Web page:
• Neobanks (digital-only): As fewer people need to go to bank branches, new banks are launching that operate solely on mobile apps or websites. So far, there are 53 neobanks in the UK, including Chip, a pioneering example that provides automated savings features and personalised financial data.
  • Artificial Intelligence (AI) technology: Fintech software developers can use this to automate repetitive tasks and analyse vast amounts of data for valuable insights. For example, they can use it to build AI-powered chatbots to assist users with FAQs and create robo-advisors that provide automated investment strategies.
  • Embedded finance: Integrating financial services into non-financial products or platforms and allowing them to access financial services within other applications. For example, big tech titans, like Amazon and Google, are moving into the banking space and removing traditional financial institutions as the middlemen.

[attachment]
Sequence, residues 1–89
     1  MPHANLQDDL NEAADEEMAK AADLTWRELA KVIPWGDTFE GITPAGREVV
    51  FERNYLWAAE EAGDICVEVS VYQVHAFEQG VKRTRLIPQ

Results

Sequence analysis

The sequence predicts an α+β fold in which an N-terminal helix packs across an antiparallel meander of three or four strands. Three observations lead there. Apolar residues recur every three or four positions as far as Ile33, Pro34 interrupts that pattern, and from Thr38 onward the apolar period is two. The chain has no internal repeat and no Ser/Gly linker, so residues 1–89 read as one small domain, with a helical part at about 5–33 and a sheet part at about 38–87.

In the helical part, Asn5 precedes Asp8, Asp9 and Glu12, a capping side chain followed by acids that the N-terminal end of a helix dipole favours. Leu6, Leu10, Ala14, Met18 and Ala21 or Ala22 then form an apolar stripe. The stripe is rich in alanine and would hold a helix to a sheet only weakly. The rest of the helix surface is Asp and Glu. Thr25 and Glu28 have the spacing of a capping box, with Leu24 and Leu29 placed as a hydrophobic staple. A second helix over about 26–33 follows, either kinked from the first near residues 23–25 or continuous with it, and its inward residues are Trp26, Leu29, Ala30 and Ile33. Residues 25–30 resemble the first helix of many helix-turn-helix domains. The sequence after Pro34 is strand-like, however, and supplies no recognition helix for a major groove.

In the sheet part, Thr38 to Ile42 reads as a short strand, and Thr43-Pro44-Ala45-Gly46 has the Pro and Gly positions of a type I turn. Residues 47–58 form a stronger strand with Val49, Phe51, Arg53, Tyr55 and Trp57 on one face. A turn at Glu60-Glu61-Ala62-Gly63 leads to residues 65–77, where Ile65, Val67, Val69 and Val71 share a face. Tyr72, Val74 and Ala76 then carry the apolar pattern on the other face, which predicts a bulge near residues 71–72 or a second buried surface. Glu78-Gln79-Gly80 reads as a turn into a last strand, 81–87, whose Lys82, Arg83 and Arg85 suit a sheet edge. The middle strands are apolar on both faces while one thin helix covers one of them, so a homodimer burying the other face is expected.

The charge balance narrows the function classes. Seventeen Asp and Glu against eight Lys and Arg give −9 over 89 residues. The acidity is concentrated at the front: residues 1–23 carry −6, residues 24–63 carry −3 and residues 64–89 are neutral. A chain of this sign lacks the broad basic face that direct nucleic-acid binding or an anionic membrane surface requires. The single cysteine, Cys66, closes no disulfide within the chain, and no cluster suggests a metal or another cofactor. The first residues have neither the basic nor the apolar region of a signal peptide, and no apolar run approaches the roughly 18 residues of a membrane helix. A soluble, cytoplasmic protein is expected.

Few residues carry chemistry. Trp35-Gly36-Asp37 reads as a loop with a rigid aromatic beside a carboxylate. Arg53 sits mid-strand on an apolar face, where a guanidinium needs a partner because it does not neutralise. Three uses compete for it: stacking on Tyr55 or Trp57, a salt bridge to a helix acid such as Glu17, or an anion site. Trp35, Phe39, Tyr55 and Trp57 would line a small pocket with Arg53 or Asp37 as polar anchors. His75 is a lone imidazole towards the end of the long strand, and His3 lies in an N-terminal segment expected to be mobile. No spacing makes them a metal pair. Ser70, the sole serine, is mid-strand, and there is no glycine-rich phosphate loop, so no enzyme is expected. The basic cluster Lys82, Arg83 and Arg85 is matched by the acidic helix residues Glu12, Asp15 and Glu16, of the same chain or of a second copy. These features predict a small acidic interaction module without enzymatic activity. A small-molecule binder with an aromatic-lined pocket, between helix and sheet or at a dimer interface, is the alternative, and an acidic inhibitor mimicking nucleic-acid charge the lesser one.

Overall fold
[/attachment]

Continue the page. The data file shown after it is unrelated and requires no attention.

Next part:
If you have a business idea that taps into the latest trends in fintech software development, you’re set to take advantage of the many opportunities in financial technology.

💡 Is open banking here to stay?

So far, there are over 7 million active users in the UK.

In April 2023, a government committee published recommendations for the next phase of open banking in the UK, cementing its position in financial services.

The next phase started this month, with the Joint Regulatory Oversight Committee looking for input from industry players.

Challenges In Fintech Software Development Services

Since your product will influence people’s finances, the market is highly regulated to protect them from losing their hard-earned money.

Additionally, launching a financial product, like insurance or a credit account, involves collecting a significant amount of personal information, which must be securely protected.

In the UK, aspiring fintech startups should be aware of the following:

1. Regulatory compliance

Fintech stands out from other industries because of its reputation for strict regulations. However, most regulations can be followed simply by applying common sense.

While they appear complex, many of the principles underlying these regulations are rooted in fundamental concepts of fairness, transparency, and ethical conduct.